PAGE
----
The “festival of democracy” is being observed these days in three states in northeast India—Nagaland, Meghalaya and Tripura. Indian elections have a character that is reminiscent of a mud-wrestling tournament in a mela. It is one dangal in which all communities and sections of society participate. This was not always the case in Nagaland. Referring to the first general elections in independent India, held in 1952, the former Nagaland chief minister Hokishe Sema wrote in his book Emergence of Nagaland, “To keep the record straight it must be mentioned that not a single vote was cast.” The leading Naga separatist organisation of the time, the Naga National Council, had called for a boycott, and the impact of this call was total.
This time around, things are rather different. Not only is there a notable absence of boycott calls, which were otherwise a constant feature up to the late 1990s, there is also a rush among aspiring candidates for tickets to contest from the Bharatiya Janata Party. This is remarkable for a state where, as per the last census, almost eighty-eight percent of the population is Christian, and where a popular slogan used by many sections, including separatists, for decades was “Nagaland for Christ.”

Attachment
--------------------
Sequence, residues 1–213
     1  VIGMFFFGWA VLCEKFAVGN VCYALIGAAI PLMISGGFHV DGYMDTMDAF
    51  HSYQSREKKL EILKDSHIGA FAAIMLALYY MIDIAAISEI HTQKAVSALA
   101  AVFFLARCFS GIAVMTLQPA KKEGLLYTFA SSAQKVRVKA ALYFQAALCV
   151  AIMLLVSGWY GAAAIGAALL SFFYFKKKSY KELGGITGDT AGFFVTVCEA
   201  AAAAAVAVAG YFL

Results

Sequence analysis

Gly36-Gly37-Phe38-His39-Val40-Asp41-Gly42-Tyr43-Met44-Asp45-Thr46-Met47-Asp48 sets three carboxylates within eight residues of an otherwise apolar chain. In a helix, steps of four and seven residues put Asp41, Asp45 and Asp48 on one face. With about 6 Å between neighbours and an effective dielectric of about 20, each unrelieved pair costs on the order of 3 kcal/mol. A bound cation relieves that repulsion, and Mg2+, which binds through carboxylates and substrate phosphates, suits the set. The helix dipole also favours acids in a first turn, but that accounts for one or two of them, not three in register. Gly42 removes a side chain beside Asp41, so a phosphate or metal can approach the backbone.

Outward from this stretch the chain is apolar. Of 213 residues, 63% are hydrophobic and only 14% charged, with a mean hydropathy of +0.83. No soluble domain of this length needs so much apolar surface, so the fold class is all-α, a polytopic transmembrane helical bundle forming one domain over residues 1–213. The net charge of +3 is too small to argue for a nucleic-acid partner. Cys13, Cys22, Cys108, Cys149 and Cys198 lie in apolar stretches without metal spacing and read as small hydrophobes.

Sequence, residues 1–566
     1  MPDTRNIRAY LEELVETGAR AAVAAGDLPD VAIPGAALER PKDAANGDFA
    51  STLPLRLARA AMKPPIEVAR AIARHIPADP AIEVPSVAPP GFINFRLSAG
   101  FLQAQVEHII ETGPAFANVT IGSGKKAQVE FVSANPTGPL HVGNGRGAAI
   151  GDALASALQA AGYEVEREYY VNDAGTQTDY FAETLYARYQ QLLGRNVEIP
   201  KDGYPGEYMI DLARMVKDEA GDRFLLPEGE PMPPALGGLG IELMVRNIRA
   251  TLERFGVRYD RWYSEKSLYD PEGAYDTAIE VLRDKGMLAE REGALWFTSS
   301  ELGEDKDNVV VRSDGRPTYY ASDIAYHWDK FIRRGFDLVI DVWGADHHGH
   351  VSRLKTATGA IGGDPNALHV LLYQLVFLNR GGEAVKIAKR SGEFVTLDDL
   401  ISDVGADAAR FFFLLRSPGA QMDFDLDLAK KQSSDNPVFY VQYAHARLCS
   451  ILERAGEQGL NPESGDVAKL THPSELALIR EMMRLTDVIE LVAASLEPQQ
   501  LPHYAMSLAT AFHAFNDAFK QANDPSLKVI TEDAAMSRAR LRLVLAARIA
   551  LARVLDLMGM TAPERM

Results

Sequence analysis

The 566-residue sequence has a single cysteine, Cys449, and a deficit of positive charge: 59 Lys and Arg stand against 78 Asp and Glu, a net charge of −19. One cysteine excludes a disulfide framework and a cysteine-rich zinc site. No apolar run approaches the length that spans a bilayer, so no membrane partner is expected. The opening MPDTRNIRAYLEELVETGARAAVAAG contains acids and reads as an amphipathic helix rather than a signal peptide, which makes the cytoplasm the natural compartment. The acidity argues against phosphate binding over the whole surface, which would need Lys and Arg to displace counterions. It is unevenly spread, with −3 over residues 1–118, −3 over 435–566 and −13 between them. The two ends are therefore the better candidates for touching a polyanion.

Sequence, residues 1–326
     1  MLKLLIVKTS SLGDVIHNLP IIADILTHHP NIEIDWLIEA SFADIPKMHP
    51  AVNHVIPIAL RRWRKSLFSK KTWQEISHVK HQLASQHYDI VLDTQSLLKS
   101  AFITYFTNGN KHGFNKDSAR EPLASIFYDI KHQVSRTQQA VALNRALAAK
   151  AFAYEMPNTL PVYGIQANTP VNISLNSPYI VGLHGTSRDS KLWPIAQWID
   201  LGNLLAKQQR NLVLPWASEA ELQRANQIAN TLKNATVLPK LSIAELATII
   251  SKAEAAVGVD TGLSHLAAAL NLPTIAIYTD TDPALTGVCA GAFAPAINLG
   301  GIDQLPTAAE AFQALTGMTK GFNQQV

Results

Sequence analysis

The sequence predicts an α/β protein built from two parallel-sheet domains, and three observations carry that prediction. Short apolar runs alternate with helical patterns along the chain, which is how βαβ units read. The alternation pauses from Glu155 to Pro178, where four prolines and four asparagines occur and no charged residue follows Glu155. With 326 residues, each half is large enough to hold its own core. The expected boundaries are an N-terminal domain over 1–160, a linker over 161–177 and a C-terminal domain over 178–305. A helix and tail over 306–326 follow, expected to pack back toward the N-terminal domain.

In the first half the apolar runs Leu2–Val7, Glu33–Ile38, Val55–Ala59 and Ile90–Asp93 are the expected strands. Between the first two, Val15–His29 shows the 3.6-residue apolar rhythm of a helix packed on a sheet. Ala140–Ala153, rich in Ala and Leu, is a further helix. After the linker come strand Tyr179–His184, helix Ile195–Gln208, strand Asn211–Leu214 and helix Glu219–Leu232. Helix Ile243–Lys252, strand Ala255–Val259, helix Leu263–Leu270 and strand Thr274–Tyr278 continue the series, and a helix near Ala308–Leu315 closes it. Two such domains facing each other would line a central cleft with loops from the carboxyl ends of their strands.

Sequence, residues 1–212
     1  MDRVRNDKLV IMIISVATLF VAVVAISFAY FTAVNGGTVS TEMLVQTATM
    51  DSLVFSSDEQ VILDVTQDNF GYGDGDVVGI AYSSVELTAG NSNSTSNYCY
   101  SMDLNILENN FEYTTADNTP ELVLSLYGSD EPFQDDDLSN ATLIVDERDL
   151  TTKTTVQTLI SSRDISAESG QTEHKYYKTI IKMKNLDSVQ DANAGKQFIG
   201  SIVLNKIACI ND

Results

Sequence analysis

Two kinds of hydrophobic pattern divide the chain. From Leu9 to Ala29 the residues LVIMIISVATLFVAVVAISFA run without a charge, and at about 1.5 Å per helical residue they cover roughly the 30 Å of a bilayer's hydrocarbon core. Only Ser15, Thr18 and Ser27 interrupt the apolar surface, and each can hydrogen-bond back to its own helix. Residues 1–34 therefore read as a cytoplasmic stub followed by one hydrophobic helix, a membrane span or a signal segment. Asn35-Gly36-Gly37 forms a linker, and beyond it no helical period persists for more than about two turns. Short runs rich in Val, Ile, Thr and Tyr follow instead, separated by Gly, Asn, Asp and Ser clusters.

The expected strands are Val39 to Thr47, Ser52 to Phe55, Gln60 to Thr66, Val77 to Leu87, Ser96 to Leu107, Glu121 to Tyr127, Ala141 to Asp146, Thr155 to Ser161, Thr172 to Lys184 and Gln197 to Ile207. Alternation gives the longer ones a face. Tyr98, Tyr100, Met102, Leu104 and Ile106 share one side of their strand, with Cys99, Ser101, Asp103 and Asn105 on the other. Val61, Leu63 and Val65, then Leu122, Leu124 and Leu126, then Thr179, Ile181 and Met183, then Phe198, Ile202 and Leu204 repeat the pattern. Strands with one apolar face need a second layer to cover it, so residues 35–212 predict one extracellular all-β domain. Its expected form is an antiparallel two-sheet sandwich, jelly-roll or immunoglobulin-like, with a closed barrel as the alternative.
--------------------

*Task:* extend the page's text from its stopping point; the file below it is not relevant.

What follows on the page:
So how has the party of the Hindu Rashtra become acceptable across the hills of Northeast India, where separatist insurgencies raged for so many decades? It may be tempting to credit prime minister Narendra Modi for this shift, but that would be an oversimplification of the region’s history since Independence.